How Enterprises Can Drive Innovation Using Wearables
Aug 27, 2021 | 42Gears Team
The consumer market is flooded with wearables such as smart glasses, health trackers, AR glasses, sensors, badges, watches, lenses, and bracelets. Wearables have tremendous potential for businesses too. They can impact how businesses operate, make decisions, and engage with customers and employees.
According to a 2021 report by Markets and Markets, “the enterprise and industry wearable market is expected to grow with the highest CAGR of 22.5% between 2021 and 2026. This growth can be attributed to increasing demand for wearable scanners and computing devices in sectors where speed and efficiency are paramount, such as warehouse operations and logistics.
How enterprises can drive innovation using wearables
Wearables such as wristbands, headwear, and connected clothes can be useful tools in workers’ hands. While consumer wearables have a variety of features, industrial wearables typically offer narrow, specialized feature sets optimized for harsh frontline environments where consumer wearables might fail. In manufacturing, wearable devices can be used to provide workers with real-time data on machinery malfunctions and hazardous conditions (like spilled fluids). Also, wearables (such as the latest enterprise edition of Google Glass) are helpful in promoting worker safety; for example, they can alert workers about dangerously hot surfaces.
By using wearables, manufacturing industries can ensure employee well-being and reduce health insurance costs. Additionally, supervisors can safely train workers on dangerous tasks through the use of AR glasses and wristbands.
Wearables also can play a crucial role in the healthcare industry. Wearables can constantly observe and collect data such as body temperature, pulse rate, and other important vitals to improve treatment. Doctors can get patients’ real time health data and receive notifications in case any deviations occur. An example of wearable applications in healthcare is the use of EMG (electromyography) sensors to measure muscle movements to help rehabilitate stroke victims or patients adjusting to prosthetics. Moreover, healthcare professionals can use wearable devices for monitoring glucose levels, detecting heart attacks and asthma problems, and much more.
Wearables can also bring innovation to the retail industry in many ways, such as enhancing the in-store shopping experience and streamlining in-store communication (by using smart headsets and walkie-talkies). Firms can optimize the store layout by using line-of-sight wearables, which enable planners to visualize merchandise set-ups and better utilize space. Smartwatches help increase productivity by reducing the time and effort required for processing payments. Additionally, retailers can increase customer engagement by sending real-time offers based on shoppers’ in-store locations.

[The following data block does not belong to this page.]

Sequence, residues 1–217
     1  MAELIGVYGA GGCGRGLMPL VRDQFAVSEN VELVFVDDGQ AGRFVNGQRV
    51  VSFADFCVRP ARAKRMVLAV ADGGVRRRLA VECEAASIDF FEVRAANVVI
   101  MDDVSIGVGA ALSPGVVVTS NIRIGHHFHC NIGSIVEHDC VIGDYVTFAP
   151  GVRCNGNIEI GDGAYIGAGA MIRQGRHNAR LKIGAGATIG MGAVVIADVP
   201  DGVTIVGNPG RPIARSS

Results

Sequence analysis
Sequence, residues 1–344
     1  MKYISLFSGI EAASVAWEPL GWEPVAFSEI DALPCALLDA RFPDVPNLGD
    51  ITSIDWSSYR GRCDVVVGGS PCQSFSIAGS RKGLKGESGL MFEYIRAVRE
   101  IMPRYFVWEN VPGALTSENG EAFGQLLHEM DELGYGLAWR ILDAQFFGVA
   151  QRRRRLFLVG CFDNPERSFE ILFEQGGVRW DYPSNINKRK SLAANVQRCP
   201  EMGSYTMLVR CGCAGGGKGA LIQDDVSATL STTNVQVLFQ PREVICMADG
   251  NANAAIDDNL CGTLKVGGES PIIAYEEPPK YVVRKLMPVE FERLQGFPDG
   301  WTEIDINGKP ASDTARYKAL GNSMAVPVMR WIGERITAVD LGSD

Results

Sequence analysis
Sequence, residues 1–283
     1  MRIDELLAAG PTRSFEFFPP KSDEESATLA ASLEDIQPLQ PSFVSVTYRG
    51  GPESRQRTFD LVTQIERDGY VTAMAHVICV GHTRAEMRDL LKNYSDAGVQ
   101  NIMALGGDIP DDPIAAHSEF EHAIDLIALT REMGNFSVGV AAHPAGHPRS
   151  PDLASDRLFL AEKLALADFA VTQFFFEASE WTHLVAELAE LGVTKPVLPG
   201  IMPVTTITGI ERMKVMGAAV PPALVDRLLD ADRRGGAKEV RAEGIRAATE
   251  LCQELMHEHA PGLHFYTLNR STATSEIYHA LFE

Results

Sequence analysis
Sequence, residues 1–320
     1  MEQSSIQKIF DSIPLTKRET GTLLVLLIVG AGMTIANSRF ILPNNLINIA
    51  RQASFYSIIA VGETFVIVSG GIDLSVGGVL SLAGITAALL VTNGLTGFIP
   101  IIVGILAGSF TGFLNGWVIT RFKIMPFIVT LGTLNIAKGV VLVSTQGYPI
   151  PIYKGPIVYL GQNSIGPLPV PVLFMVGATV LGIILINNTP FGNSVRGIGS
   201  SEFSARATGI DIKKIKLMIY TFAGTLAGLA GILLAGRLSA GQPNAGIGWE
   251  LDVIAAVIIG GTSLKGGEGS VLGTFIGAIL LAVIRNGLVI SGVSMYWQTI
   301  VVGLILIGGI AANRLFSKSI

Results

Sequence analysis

Wearable cameras can be set up to prevent robberies in case of late night deliveries or in areas where workers frequently work alone.
Some wearables can greatly help business travellers navigate and negotiate while abroad. Businesses can offer these devices to their employees to make their business travel experience better and to make a good impression on clients. One helpful device is the Ambassador Interpreter, a wearable translation device made by Waverly Labs, which can automatically translate spoken language from one language into another. Samsung has even revealed a prototype “smart business suit,” which features sensors that can help the wearer control their smartphone, exchange business cards, and more.
Wearables can be a game changer in the education industry too. They can improve student engagement and the quality of teacher-student communication. For example, students can use virtual reality headsets to explore three-dimensional models of the human body, providing a more memorable learning experience than a textbook could offer.
By using smartwatches, students can learn foreign languages, play interesting educational games, and even track their health parameters such as calorie intake, heart rate, etc.
Like any new technology, wearables can transform businesses and lives for the better. However, these wearable devices still need to be managed, secured, and maintained. Another potential concern can be user privacy. Businesses must adopt a UEM (unified endpoint management) solution to manage these wearable devices. The UEM solution can help manage and maintain a firm’s wearables, and also help to secure sensitive data accessed through those wearables.
SureMDM, the 42Gears UEM solution, offers comprehensive features that empower businesses to easily manage and control their wearable devices while securing the corporate data stored on them.
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